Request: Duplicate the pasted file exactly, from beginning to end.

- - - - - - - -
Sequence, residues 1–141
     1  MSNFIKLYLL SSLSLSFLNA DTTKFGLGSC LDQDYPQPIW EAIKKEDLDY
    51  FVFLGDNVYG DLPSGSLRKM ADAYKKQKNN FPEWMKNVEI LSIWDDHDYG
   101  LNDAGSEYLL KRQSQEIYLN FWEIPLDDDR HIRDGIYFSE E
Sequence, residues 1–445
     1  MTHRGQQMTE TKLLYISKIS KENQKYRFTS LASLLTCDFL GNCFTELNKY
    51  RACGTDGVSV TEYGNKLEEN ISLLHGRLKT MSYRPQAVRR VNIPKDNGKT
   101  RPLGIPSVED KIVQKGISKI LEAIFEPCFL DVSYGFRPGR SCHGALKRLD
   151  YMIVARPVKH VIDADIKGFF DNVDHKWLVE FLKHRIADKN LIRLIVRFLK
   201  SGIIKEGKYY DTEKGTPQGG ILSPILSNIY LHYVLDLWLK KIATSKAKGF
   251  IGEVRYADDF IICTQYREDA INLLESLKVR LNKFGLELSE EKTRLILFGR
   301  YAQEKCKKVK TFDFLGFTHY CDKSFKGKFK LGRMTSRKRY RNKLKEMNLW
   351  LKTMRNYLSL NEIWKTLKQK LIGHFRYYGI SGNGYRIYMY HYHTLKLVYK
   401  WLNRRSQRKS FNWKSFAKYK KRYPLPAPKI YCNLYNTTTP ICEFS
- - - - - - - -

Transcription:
Sequence, residues 1–141
     1  MSNFIKLYLL SSLSLSFLNA DTTKFGLGSC LDQDYPQPIW EAIKKEDLDY
    51  FVFLGDNVYG DLPSGSLRKM ADAYKKQKNN FPEWMKNVEI LSIWDDHDYG
   101  LNDAGSEYLL KRQSQEIYLN FWEIPLDDDR HIRDGIYFSE E
Sequence, residues 1–445
     1  MTHRGQQMTE TKLLYISKIS KENQKYRFTS LASLLTCDFL GNCFTELNKY
    51  RACGTDGVSV TEYGNKLEEN ISLLHGRLKT MSYRPQAVRR VNIPKDNGKT
   101  RPLGIPSVED KIVQKGISKI LEAIFEPCFL DVSYGFRPGR SCHGALKRLD
   151  YMIVARPVKH VIDADIKGFF DNVDHKWLVE FLKHRIADKN LIRLIVRFLK
   201  SGIIKEGKYY DTEKGTPQGG ILSPILSNIY LHYVLDLWLK KIATSKAKGF
   251  IGEVRYADDF IICTQYREDA INLLESLKVR LNKFGLELSE EKTRLILFGR
   301  YAQEKCKKVK TFDFLGFTHY CDKSFKGKFK LGRMTSRKRY RNKLKEMNLW
   351  LKTMRNYLSL NEIWKTLKQK LIGHFRYYGI SGNGYRIYMY HYHTLKLVYK
   401  WLNRRSQRKS FNWKSFAKYK KRYPLPAPKI YCNLYNTTTP ICEFS